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Cell-Specific Bioorthogonal Tagging of Glycoproteins Developed

By LabMedica International staff writers
Posted on 31 Oct 2022
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Image: Development of an artificial biosynthetic pathway for chemically tagged UDP-GalNAc/GlcNAc analogues (Photo courtesy of Benjamin Schumann, PhD)
Image: Development of an artificial biosynthetic pathway for chemically tagged UDP-GalNAc/GlcNAc analogues (Photo courtesy of Benjamin Schumann, PhD)

Altered glycoprotein expression is an undisputed corollary of cancer development. Understanding these alterations is paramount but hampered by limitations underlying cellular model systems. For instance, the intricate interactions between tumor and host cannot be adequately recapitulated in monoculture of tumor-derived cell lines.

Cancer is a multifactorial disease consisting of an interplay between host and tumor. Posttranslational modifications (PTMs) heavily impact the plasticity of the proteome. Glycosylation is the most complex and most abundant PTM, but challenging to probe due to the non-templated nature of glycan biosynthesis.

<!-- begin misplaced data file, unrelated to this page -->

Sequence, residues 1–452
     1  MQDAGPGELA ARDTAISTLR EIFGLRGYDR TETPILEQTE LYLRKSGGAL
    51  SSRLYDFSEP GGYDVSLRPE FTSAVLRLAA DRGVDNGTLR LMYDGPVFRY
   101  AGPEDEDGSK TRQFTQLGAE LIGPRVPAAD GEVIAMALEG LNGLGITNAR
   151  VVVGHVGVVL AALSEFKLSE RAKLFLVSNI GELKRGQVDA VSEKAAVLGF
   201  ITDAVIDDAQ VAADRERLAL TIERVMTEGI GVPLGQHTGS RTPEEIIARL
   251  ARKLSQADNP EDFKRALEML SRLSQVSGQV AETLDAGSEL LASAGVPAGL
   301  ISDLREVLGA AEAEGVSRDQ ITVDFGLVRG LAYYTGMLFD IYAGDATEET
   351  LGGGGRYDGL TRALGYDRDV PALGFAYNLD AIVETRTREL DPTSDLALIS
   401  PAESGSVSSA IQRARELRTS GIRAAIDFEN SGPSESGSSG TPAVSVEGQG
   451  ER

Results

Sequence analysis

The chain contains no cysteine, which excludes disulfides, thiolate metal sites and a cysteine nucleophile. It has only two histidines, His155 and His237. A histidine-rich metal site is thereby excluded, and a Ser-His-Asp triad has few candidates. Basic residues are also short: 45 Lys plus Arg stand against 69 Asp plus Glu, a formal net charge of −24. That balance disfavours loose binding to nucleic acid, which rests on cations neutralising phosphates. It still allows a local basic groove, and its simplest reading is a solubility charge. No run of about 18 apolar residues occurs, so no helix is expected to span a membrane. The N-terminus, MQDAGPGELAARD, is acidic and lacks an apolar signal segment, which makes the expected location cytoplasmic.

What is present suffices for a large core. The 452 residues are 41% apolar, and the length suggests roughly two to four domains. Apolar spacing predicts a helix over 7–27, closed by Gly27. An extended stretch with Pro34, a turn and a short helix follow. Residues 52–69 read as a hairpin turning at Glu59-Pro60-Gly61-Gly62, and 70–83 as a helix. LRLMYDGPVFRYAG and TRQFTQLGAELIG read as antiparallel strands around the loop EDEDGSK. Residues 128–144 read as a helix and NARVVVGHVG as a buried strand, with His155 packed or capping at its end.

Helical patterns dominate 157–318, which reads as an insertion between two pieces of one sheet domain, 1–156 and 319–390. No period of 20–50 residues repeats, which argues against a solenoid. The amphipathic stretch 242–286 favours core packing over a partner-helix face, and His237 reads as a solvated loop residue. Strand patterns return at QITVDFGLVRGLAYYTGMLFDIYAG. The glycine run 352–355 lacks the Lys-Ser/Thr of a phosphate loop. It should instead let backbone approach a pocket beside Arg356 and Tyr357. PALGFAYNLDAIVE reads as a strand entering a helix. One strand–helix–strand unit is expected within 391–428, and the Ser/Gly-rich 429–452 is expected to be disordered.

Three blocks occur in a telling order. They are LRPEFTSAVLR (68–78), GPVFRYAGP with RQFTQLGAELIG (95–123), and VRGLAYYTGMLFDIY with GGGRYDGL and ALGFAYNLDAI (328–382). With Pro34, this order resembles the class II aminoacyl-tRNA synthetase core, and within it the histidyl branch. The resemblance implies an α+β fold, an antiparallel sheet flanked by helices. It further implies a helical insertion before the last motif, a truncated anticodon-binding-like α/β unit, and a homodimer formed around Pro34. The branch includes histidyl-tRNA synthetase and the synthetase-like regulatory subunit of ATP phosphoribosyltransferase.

Chemists and Biochemists at the Imperial College London (London, UK) have developed a new method to study the proteins released by cells, which could lead to the development of new tools to track diseases including cancer. Their method identifies proteins released by a specific type of cell, even if the cells are in a complex environment with many different cell types. The method is called Bio-Orthogonal Cell line-specific Tagging of Glycoproteins (BOCTAG).

The method uses bioorthogonal chemistry or click chemistry. The chemical tag is selected so that it "clicks" with another molecule that helps the scientists isolate the desired proteins or add a fluorescent tag to them. The investigators showed that BOCTAG worked in cell cultures with multiple cell lines and in mice, where they successfully tagged proteins from specific cancer cells. This method could also be used in fields such as immunology, infectious diseases, and to better understand disease biology, particularly how tumor cells change as a result of complex interactions in the body.

Cells are equipped by transfection with an artificial biosynthetic pathway that transforms bioorthogonally tagged sugars into the corresponding nucleotide-sugars. Only transfected cells incorporate bioorthogonal tags into glycoproteins in the presence of non-transfected cells. The team employed BOCTAG as an imaging technique and to annotate cell-specific glycosylation sites in mass spectrometry-glycoproteomics using Ultra Performance Liquid Chromatography-Mass Spectrometry (UPLC-MS) equipped with a ACQUITY UPLC BEH Glycan (Waters Corporation, Milford, MA, USA). They demonstrated application in co-culture and mouse models, allowing for profiling of the glycoproteome as an important modulator of cellular function. The study was published on October 25 2022 in the journal Nature Communications.

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